The Spurs moved Leonard along slowly, before bringing him back on Dec. 12. Frankly, it would not be a surprise if he was brought back at a later date, rather than returning him in the midst of a playoff push.
With San Antonio potentially out of the playoff mix, what if Leonard returned to the lineup two or three weeks later in December? What about a January 2018 comeback? That’s if the Spurs already punted the 2017-18 campaign, and decided to not risk their superstar reaggravating this ailment. He can return in the second half of the season, get in game shape, and be ready for a full season in 2018-19.
Keeping a star player off the court may be difficult, but in a lost season, a healthy future matters. Then, the team reevaluates its position in the offseason and moves from there.
Next: Falling down the standings
A tumble down the standings
No Kawhi Leonard for half the season and being without LaMarcus Aldridge significantly lowers the roster’s talent. That leaves an aging Tony Parker, Pau Gasol, a top-10 pick, Rudy Gay, Danny Green and a handful of young pieces that were already in place. On paper, this looks disastrous.
This roster would not contain a primary scorer, unless Gasol morphs into his 2009-2010 form with the Los Angeles Lakers. His scoring production declined in recent years, and while it would trend up due to the available shots, having him as the primary player would not work well, especially in a fast-paced, small-ball NBA.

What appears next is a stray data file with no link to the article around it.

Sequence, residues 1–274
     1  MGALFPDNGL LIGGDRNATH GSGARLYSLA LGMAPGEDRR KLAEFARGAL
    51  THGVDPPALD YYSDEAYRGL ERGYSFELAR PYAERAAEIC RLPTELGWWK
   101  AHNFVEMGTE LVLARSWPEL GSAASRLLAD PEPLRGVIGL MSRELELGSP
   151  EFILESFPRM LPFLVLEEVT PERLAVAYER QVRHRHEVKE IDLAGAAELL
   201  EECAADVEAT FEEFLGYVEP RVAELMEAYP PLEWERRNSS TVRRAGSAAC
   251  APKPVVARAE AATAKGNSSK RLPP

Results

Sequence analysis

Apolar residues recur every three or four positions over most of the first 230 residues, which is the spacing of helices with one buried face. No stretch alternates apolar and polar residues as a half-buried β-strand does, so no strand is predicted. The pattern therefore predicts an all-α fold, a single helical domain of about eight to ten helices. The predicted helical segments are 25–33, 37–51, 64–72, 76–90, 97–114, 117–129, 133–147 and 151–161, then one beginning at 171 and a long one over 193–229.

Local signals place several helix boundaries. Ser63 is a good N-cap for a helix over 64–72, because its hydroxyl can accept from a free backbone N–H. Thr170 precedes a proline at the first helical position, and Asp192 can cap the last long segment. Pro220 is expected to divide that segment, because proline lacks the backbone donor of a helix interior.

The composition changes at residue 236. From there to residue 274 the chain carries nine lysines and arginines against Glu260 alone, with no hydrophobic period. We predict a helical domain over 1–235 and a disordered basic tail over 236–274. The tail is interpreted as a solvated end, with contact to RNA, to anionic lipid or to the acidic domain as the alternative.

Around the 37-year-old, a recently-returning Gay would be the No. 2 scorer. Green, Patty Mills, the pick and someone like Kyle Anderson would follow. That’s not exactly inspiring.
The lack of a primary scorer, even a No. 2 option, has the potential to doom the Spurs. They may be one of the worst offensive teams in the NBA, resulting in a tumble down the standings and a risk at not making the playoffs. If so, it would be the first time since the 1996-97 season, when David Robinson was injured and Tim Duncan went No. 1 overall in the 1997 NBA Draft.
The Spurs would get Leonard back, however, even if the left shoulder strain follows him. Would he be 100 percent at any point in the season?
Without Leonard and a potentially troubling set of scoring options, the Spurs would be in for one of their worst seasons in the Gregg Popovich era. So, it’s not the worst thing that the situation subsided with Aldridge, right?